The dance might be dismissed as nothing more than cross-cultural gluttony, with camera bugs snapping away at staged enthusiasm. But for the villagers dancing is a true pleasure, something they do for themselves, not tourists. This is not the period in the summer months when they work 12 hours a day in the quarter-acres of rice and are too tired for night activity.
The young girls dominate the dancing, shooting out of the semi-circle of clapping hands. Knees kicking and bare feet flying with the speed of oil shooting off a scalding pan, the drum leads them for a minute and then they dissolve back into the crowd. The villagers chant "CASAMANCE," the name the Portuguese gave to their region in the 15th century. A man enters the center and, to shouts and laughter, does a heavy-stepped caricature of the female dance. A woman, baby wrapped on her back, enters in retort, insisting on the correct appreciation of the steps. This is a high-stepping dialogue, a rhythmic conversation, punctuated by shouts and singing.
The next day we left Diembering. We took a 24-seat camper bus that would head us toward Zinguinchor on what will someday be a four-lane highway, a prospect which does not augur well for the virgin beaches. We wanted to get on to Elinkine, a smaller campement where one can stroll alongside the mangroves and eat fresh oysters grilled on a branch over a small fire; and to Enampore, where a specially constructed roof collects rainwater inside the hut; and to Karabane, a small Catholic island surrounded by beach which you can only get to by pirogue.
Ambroise came to say goodbye. He asked us if we couldn't help him buy a pair of shoes to replace the torn plastic sandals he had. A visitor is often asked for a "cadeau" and can feel he is being hustled for a handout, but Ambroise was not looking for an easy mark. We offered him what we had -- a shirt, a pair of sunglasses, a pen and socks.
Ambroise was thankful but subdued, then he hurried to show his gratitude properly. He signaled a younger cousin, who climbed one of the many palm trees that ring the village, wrapping his legs around the trunk. He threw down a half dozen plump coconuts, which Ambroise expertly worked on with a long knife. He broke off the top of one and offered up the juice. (We recalled how earlier Ambroise had said he liked the village because, if you were hungry, there was something to eat and you didn't need money. For villagers, who have long lived without monetary relatins, it seems money will always be associated with deprivation, not abundance.) It was a wonderful "thank you." We exchanged addresses. He said he hoped to come to Dakar and we promised to take him to a movie.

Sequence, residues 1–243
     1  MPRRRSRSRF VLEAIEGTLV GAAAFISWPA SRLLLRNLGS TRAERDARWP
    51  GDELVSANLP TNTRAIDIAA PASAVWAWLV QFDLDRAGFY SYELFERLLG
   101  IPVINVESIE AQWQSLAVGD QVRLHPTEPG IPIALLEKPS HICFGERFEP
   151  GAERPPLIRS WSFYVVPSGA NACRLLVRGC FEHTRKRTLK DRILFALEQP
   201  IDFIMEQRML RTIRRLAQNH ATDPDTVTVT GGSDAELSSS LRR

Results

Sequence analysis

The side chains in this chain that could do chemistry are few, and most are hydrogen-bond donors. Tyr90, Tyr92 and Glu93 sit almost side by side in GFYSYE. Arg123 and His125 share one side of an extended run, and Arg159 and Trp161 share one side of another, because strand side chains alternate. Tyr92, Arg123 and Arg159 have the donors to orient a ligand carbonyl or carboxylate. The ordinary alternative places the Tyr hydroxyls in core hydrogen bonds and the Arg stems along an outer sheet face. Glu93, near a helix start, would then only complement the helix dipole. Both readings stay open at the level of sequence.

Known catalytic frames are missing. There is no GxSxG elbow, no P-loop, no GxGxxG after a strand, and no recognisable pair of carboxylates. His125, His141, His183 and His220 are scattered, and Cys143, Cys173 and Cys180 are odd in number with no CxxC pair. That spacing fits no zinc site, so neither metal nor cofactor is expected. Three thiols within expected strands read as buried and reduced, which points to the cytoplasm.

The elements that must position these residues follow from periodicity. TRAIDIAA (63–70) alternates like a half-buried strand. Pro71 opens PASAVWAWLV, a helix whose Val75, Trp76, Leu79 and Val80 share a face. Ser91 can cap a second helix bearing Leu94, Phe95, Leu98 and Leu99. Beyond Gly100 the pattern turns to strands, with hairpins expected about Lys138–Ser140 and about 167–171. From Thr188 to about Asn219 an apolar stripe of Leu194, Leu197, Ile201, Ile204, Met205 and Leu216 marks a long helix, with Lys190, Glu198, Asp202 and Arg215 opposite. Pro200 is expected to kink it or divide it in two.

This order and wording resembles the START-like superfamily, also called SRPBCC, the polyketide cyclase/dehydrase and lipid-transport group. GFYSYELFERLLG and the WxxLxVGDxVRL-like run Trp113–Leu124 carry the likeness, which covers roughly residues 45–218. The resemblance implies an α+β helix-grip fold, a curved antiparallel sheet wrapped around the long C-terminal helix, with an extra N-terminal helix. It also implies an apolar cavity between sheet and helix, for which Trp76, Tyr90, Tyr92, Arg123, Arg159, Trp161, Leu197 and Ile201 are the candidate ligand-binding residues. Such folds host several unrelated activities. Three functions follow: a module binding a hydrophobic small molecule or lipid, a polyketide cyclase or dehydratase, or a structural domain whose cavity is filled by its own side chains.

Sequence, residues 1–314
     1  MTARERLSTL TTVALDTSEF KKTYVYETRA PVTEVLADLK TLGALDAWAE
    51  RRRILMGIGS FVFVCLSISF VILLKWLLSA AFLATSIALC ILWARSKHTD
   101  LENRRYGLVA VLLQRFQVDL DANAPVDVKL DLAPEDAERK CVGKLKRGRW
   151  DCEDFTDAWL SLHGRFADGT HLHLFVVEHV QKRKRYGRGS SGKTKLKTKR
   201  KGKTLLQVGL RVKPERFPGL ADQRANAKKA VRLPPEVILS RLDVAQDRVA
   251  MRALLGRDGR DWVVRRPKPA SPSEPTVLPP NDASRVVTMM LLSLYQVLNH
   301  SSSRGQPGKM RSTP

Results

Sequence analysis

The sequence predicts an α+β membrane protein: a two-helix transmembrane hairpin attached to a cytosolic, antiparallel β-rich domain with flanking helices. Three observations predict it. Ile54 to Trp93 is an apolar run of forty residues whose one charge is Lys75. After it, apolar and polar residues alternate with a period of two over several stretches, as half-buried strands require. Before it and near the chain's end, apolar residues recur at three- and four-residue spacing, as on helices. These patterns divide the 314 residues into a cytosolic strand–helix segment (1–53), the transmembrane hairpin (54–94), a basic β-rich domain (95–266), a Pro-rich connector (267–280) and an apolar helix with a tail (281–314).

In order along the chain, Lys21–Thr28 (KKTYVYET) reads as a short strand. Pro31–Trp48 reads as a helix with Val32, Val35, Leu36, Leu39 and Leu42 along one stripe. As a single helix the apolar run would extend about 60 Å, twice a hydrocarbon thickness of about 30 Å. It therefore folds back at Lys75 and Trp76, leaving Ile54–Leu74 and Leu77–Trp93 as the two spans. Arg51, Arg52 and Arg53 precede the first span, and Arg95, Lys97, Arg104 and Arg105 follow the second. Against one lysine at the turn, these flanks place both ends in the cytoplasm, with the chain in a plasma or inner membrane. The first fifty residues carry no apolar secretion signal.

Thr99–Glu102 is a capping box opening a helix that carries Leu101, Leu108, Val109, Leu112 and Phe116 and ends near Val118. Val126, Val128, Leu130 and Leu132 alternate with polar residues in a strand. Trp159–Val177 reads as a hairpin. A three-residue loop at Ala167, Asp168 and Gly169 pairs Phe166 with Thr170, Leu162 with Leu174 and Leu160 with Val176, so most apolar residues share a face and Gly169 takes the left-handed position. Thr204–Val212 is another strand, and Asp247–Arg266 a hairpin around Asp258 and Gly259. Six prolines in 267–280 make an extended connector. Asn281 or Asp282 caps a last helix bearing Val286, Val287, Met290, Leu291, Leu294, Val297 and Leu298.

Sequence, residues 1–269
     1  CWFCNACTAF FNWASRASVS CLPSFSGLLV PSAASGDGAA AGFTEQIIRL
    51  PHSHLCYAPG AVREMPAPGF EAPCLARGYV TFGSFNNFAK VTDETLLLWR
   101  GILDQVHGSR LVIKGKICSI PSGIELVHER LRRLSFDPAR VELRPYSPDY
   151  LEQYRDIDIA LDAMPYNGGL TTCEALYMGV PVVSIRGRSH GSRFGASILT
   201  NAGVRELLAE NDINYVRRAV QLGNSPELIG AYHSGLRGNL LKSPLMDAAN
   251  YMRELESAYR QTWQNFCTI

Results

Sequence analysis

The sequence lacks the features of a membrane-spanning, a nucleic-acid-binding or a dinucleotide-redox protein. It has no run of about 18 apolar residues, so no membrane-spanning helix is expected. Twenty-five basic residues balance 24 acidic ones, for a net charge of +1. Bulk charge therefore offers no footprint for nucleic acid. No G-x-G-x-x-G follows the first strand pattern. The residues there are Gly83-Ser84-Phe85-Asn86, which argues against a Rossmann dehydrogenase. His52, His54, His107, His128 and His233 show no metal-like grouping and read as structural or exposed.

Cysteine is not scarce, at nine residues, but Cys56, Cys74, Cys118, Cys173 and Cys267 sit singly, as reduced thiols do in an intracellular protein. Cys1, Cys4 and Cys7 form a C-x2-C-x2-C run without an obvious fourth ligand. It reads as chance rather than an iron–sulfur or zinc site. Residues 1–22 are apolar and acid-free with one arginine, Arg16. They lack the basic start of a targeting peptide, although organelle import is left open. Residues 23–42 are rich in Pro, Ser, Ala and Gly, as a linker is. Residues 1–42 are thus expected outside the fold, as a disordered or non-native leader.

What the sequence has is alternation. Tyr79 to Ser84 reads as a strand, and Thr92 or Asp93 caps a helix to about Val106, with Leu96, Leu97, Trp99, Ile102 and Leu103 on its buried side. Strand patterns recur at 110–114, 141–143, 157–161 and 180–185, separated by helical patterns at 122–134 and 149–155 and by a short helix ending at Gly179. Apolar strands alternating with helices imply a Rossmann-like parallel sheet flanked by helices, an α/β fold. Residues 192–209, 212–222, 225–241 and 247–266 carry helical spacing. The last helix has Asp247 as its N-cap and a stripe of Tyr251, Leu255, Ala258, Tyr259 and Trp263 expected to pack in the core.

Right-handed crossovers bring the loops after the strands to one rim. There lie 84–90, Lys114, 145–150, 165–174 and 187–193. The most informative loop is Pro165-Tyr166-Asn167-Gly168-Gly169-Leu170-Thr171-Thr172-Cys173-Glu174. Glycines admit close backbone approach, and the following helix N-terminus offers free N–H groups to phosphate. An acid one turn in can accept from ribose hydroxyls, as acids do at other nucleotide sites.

For the traveler who wants to see Africa, but not on the guided tour circuit, the campement is a reasonably priced middle road. The accomodations are not luxurious, but they are sturdy and clean and with a limit of about 20 guests they remain personal. The meals are adequate, mainly local foods, rice and (always fresh) fish.
You need only a yellow fever shot to enter the country. To avoid any problems, you should probably not drink the water and have a doctor prescribe an anti-malarial medication before you leave the United States.
For a break from the village circuit, there are several hotels of good quality. La Pailotte down the road from Diembering has a spectacular overlook of the ocean, good dinners ($25 for two) and an air-conditioned bungalow ($30 double). In Ziguinchor, the Hotel Aubert has poolside dinning and is in the same price range. The Aubert can make your reservations at the Paillotte.
Pan Am, Air France and Air Afrique service Dakar from New York and excursion fares are available. A stop in Dakr will permit you to see this charming, modern city as well as Goree, a beautiful, car-less island with a tragic history of slave-trading, 15 minutes from the capital. Information on Senegal can be obtained from the Senegal Tourist Office, 200 Park Ave., New York, N.Y. 10017.
The campement may not be the way you always want to travel, but in Senegal it is the best way to enjoy the country's natural beauty and its people.